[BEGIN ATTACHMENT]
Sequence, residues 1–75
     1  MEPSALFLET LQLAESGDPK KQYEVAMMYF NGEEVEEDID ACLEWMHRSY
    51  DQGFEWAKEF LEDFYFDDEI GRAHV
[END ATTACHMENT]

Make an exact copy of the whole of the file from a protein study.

Sequence, residues 1–75
     1  MEPSALFLET LQLAESGDPK KQYEVAMMYF NGEEVEEDID ACLEWMHRSY
    51  DQGFEWAKEF LEDFYFDDEI GRAHV